properties of the individual EMMs, whereas comparison arrows are based on the
statistical properties of *differences* of EMMs.
Let the EMMs be denoted $m_1, m_2, ..., m_k$. For simplicity, let us assume that
these are ordered: $m_1 \le m_2 \le \cdots \le m_k$. Let $d_{ij} = m_j - m_i$
denote the difference between the $i$th and $j$th EMM. Then the $(1 - \alpha)$
confidence interval for the true difference $\delta_{ij} = \mu_j - \mu_i$ is
$$ d_{ij} - e_{ij}\quad\mbox{to}\quad d_{ij} + e_{ij} $$
where $e_{ij}$ is the "margin of error"
for the difference; i.e., $e_{ij} = t\cdot SE(d_{ij})$ for some critical value $t$ (equal to $t_{\alpha/2}$ when no multiplicity adjustment is used). Note that
$d_{ij}$ is statistically significant if, and only if, $d_{ij} > e_{ij}$.
Now, how to get the comparison arrows? These arrows are plotted with origins at the $m_i$; we have an arrow of length $L_i$ pointing to the left, and an arrow of length $R_i$ pointing to the right. To compare EMMs $m_i$ and $m_j$ (and remembering that we are supposing that $m_i \le m_j$), we propose to look to see if the arrows extending right from $m_i$ and left from $m_j$ overlap or not. So, ideally, if we want overlap to be identified with statistical non-significance, we want
$$ R_i + L_j = e_{ij} \quad\mbox{for all } i < j $$
If we can do that, then the two arrows will overlap if, and only if, $d_{ij} < e_{ij}$.
This is easy to accomplish if all the $e_{ij}$ are equal: just set all $L_i = R_j = \frac12e_{12}$. But with differing $e_{ij}$ values, it may or may not even be possible to obtain suitable arrow lengths.
The code in **emmeans** uses an *ad hoc* weighted regression method to solve the above equations. We give greater weights to cases where $d_{ij}$ is close to $e_{ij}$, because those are the cases where it is more critical that we get the lengths of the arrows right.
Once the regression equations are solved, we test to make sure that $R_i + L_j < d_{ij}$ when the difference is significant, and $\ge d_{ij}$ when it is not. If one or more of those checks fails, a warning is issued.
That's the essence of the algorithm. Note, however, that there are a few complications that need to be handled:
* For the lowest EMM $m_1$, $L_1$ is completely arbitrary because there are no right-pointing arrows with which to compare it; in fact, we don't even need to display that arrow. The same is true of $R_k$ for the largest EMM $m_k$. Moreover, there could be additional unneeded arrows when other $m_i$ are equal to $m_1$ or $m_k$.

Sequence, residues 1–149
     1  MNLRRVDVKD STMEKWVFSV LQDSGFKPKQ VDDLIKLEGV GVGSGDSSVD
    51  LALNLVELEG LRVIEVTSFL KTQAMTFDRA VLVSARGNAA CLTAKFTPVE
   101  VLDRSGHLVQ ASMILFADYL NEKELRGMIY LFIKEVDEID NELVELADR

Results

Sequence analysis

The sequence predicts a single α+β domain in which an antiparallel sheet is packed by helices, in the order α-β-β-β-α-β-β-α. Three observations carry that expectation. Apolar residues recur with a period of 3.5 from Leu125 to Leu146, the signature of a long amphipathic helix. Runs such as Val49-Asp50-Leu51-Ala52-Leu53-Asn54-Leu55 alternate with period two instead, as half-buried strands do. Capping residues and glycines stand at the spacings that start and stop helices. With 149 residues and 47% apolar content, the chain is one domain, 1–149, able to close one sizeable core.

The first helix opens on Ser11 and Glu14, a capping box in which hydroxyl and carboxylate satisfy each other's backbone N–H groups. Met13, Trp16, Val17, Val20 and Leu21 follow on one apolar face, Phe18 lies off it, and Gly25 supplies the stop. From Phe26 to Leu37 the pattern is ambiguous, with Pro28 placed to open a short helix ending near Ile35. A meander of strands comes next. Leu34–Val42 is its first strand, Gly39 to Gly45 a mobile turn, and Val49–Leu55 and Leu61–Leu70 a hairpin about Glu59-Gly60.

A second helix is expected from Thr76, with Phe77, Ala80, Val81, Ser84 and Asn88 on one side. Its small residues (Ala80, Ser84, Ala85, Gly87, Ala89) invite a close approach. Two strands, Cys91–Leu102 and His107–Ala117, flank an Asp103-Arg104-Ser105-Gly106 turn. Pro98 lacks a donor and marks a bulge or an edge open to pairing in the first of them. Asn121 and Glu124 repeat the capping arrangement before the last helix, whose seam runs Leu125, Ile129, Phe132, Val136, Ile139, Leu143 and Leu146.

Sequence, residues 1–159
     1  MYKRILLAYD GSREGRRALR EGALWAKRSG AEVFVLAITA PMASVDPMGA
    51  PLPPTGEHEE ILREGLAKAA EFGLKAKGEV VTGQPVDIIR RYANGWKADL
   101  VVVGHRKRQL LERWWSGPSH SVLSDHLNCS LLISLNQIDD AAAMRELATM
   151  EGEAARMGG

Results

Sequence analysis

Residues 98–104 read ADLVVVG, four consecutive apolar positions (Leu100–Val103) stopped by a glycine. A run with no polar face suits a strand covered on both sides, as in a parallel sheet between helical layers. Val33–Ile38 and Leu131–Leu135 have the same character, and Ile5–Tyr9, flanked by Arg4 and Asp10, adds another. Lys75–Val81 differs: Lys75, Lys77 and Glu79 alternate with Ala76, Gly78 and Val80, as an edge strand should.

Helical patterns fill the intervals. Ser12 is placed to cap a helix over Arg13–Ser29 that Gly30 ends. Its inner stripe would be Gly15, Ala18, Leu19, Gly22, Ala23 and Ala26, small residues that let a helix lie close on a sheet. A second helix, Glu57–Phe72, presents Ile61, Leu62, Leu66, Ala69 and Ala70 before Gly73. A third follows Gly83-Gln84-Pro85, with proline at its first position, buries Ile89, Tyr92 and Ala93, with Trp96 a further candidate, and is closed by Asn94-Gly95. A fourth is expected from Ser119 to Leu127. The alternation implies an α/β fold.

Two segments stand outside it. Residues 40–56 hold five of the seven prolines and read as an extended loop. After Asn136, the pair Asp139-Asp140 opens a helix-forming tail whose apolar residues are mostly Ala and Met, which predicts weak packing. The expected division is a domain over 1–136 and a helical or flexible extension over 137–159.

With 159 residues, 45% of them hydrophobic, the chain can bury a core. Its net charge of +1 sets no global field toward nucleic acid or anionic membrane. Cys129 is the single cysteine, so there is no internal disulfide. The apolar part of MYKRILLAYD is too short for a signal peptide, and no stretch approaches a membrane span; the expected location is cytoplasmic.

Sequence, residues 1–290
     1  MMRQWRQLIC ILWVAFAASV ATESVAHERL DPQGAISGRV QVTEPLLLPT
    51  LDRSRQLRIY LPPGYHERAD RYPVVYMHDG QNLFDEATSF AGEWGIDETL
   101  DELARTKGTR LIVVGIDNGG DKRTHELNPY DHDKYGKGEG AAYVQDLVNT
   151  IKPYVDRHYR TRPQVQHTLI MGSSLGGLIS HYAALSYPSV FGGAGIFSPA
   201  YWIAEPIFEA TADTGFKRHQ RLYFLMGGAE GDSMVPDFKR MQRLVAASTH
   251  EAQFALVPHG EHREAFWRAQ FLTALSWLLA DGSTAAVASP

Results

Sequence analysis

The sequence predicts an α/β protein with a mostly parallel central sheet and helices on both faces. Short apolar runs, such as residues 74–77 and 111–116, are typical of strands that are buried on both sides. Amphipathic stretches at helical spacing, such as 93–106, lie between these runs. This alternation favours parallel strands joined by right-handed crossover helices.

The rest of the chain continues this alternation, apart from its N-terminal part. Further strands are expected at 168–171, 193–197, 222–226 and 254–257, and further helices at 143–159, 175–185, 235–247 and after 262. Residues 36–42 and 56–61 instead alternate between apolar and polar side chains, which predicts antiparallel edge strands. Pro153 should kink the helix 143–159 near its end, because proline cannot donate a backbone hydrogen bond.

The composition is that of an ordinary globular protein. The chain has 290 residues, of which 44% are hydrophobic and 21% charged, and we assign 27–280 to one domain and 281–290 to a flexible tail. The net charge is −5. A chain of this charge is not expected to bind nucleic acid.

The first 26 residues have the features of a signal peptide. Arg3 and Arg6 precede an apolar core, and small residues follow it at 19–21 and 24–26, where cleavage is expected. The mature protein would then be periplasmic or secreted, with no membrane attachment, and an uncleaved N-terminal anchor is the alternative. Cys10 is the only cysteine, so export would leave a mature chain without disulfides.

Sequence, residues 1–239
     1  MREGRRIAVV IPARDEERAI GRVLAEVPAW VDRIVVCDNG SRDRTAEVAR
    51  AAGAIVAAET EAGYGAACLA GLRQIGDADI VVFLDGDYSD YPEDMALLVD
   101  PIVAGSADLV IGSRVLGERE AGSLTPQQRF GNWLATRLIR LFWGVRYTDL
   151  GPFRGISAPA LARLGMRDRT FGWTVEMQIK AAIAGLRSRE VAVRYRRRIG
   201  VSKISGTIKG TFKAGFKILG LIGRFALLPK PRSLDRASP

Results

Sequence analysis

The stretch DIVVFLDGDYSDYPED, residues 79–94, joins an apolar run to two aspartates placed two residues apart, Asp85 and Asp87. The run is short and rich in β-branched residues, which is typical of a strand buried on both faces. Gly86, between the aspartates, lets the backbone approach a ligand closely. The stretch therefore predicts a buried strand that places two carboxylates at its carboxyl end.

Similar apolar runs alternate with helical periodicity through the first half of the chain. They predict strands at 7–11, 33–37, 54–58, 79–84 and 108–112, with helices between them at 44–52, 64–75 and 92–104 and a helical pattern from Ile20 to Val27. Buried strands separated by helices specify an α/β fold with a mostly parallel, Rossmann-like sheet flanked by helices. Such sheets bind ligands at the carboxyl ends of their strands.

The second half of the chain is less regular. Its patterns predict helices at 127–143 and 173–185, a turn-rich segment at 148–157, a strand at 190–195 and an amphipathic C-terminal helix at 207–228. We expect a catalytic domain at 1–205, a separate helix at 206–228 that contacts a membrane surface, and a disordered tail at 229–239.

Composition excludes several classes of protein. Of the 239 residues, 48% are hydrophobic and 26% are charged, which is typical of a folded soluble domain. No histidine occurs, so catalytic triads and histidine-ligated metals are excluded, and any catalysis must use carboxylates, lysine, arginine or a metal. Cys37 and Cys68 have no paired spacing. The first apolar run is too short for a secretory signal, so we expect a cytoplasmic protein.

* Depending on the number $k$ of EMMs and the number of tied minima and maxima, the system of equations could be under-determined, over-determined, or just right.
* It is possible that the solution could result in some $L_i$ or $R_j$ being negative. That would result in an error.
In summary, the algorithm does not always work (in fact it is possible to construct cases where no solution is possible). But we try to do the best we can. The main reason for trying to do this is to encourage people to not ever use confidence intervals for the $m_i$ as a means of testing the comparisons $d_{ij}$. That is almost always incorrect.
What is better yet is to simply avoid using comparison arrows altogether and use `pwpp()` or `pwpm()` to display the *P* values directly.
### Examples and tests
Here is a constructed example with specified means and somewhat unequal SEs
```{r, message = FALSE, fig.alt = "Plot A: Comparison arrows for foo. These arrows overlap or not as per the P-values in pairs(foo) are greater or less than 0.05"}
m = c(6.1, 4.5, 5.4, 6.3, 5.5, 6.7)
se2 = c(.3, .4, .37, .41, .23, .48)^2
lev = list(A = c("a1","a2","a3"), B = c("b1", "b2"))
foo = emmobj(m, diag(se2), levels = lev, linfct = diag(6))
plot(foo, CIs = FALSE, comparisons = TRUE)
```
This came out pretty well. But now let's keep the means and SEs the same but make them correlated. Such correlations happen, for example, in designs with subject effects.
The function below is used to set a specified intra-class correlation, treating `A` as a within-subjects (or split-plot) factor and `B` as a between-subjects (whole-plot) factor.